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One of These Things is Not Like the Others: A Precautionary Tale
The Chloroquine Wars Part LXIV
The importance of categorical distinction is something we train into children from a young age. Basic lessons along these lines were a mainstay of Sesame Street.
In the spirit of a love for learning, I present a uniquely valuable version of the lesson.
Commercial Drone Technology. Some date the beginning of the drone technology timeline as far back as 1849. The Federal Aviation Administration (FAA) issued the first commercial drone permit in 2006. For eight years after, only two permits were issued per year. In 2013, Amazon announced their plan to develop a drone-based delivery system. After a seven-year process of studying safety and engineering in a feedback loop that advanced the goals of drone network development, Amazon won approval for its drone delivery fleet in 2020, which was two to three years longer than CEO Jeff Bezos had hoped. However, such approval was merely one step in the process after more than 500 safety and efficiency processes, and are now working on scaling the system, ensuring that the scaling process meets safety standards set by both it and the FAA, with multiple waypoints in the development process, each one of which has taken longer than expected due to the need to tackle challenges unknown at the outset of each stage of development. Research and development is taking time to scale to each new level, regardless of how well planned the process.
Small Nuclear Fission Reactors. The nuclear age began with a bang, but after the use of fission as a tool for war, scientists re-imagined the technology as a method for energy generation. However, as nuclear plants exploded in numeracy around the world from the 1950s through the 1970s, some serious problems with nuclear energy were exposed. These included a few dangerous meltdowns, weapons technology proliferation, dangerous waste storage challenges, geographic and engineering challenges of mining radioactive elements, and reports of mutant animals.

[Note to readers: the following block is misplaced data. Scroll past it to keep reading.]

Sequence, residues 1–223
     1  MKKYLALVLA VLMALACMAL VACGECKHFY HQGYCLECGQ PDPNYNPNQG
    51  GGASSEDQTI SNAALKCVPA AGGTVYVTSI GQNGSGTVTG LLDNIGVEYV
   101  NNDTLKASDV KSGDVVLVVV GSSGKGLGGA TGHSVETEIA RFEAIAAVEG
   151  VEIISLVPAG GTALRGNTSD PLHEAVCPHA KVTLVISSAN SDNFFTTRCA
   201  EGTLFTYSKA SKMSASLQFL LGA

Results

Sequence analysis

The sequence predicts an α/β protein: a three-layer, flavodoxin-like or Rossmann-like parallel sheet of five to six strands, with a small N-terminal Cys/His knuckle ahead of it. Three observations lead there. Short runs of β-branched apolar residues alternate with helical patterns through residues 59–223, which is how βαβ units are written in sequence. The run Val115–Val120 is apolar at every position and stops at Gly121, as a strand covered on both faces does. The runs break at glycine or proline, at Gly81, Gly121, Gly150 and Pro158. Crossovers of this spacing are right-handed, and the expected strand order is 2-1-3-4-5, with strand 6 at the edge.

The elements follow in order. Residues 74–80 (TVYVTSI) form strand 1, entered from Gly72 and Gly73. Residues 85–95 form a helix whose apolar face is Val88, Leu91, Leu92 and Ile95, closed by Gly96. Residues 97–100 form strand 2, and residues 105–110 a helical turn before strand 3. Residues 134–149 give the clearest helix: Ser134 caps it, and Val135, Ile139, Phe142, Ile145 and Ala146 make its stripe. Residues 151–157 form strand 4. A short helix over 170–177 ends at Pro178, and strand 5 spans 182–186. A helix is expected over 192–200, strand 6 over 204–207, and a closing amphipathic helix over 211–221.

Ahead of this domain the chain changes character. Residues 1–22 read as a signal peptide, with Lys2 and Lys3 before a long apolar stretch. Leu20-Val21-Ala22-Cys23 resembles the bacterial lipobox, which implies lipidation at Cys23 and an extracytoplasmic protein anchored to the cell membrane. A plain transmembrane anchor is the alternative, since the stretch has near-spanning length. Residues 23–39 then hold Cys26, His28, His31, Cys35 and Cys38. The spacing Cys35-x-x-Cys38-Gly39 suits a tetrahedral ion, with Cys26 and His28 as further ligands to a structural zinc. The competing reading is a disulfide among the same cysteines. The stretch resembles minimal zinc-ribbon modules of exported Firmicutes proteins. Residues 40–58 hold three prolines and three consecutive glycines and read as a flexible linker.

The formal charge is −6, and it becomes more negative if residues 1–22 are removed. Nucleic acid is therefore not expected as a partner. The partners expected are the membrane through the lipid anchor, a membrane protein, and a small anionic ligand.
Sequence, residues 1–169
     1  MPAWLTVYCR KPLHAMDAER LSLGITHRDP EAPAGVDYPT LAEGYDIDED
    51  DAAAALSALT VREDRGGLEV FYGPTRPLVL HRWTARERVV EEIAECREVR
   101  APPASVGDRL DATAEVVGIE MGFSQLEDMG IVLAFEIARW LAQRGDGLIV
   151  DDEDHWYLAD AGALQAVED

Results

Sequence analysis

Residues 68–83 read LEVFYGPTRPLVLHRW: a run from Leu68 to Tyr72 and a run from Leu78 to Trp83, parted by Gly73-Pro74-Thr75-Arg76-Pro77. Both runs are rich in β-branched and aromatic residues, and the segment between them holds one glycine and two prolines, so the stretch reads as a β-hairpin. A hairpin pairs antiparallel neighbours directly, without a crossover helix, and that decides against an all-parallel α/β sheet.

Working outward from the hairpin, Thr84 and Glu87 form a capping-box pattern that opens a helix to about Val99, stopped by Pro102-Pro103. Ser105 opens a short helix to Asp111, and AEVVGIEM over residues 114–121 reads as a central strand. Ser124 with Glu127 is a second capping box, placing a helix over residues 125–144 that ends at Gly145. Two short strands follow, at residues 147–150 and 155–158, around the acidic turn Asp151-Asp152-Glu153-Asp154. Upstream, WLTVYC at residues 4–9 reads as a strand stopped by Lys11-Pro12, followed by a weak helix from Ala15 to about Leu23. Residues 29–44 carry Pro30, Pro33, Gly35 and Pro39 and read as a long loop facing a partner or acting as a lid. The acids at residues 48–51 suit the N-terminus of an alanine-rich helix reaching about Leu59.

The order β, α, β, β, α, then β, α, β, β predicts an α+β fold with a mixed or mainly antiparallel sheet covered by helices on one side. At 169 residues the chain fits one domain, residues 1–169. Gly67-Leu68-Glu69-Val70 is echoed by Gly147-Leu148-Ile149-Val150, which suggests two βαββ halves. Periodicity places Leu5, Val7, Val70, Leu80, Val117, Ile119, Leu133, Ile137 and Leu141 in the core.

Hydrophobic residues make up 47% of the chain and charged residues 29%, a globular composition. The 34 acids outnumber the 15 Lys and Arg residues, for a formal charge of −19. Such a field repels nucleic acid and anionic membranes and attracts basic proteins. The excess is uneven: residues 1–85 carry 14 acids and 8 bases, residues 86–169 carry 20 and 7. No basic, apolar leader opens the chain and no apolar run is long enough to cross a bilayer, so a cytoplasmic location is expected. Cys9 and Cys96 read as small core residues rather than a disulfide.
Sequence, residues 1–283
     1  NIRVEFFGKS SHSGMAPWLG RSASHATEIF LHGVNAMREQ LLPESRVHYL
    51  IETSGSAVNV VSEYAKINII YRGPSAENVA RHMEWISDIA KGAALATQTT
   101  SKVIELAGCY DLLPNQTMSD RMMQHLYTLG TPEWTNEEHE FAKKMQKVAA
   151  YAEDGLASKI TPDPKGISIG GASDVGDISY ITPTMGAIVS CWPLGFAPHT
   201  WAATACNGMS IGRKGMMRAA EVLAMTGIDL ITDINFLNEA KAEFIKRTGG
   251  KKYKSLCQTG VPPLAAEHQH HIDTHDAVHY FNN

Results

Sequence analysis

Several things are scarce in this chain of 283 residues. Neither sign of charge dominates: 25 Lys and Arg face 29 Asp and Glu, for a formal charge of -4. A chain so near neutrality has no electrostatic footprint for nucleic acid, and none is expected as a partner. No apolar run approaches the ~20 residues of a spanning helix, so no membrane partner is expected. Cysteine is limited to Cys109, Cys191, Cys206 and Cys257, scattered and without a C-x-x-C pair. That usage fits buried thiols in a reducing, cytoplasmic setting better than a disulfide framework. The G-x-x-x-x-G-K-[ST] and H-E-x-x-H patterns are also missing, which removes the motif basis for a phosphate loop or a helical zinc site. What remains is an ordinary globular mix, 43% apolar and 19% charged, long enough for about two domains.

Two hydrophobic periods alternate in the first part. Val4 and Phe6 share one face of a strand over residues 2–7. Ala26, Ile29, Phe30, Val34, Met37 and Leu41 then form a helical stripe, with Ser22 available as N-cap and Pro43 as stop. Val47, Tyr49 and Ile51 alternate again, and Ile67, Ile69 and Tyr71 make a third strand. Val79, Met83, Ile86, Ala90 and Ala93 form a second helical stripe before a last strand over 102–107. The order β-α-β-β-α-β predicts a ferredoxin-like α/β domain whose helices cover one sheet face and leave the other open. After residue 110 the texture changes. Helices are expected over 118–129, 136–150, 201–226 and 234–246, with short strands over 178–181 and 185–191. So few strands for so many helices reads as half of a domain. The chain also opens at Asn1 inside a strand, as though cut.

More recently, scientists and engineers have spent decades developing safer fuels, better waste disposal practices, and better systems en route to the creation of small nuclear fission reactors that may already have better safety profiles than the substantial majority of all forms of energy plants (particularly coal and petroleum given the pollution outputs). These reactors could be plopped down all over the world, increasing power supply or replacing dirtier and more expensive options, and perhaps they would have resulted in a positive cost-benefit improvement for many years now. But it is understandable that governments and their citizens waited for years of testing before beginning to approve levels of rollout of these smaller, safer reactors. And it may require years of real world data before we see small scale fission reactors proliferate as substantial proportions of human energy used.
Self-driving cars. In 1925, the Houdina Radio Control Company first demonstrated a proof-of-concept driverless car. It still took decades of imaginative thinking on top of practical technological developments for self-driving vehicles to begin to emerge on the streets anywhere in the world, and they are still as of 2021 a sliver of 1% of the vehicles on the Earth’s roads. Aside from the unit and system-level engineering of the vehicles themselves, enormous complexities such as city and highway design, liability laws, and even moral code have pushed back timelines for large-scale usage. As with autonomous drones, we are likely to see steps of the scaling process, and those might even involve changes in city planning that will be hard for established big cities.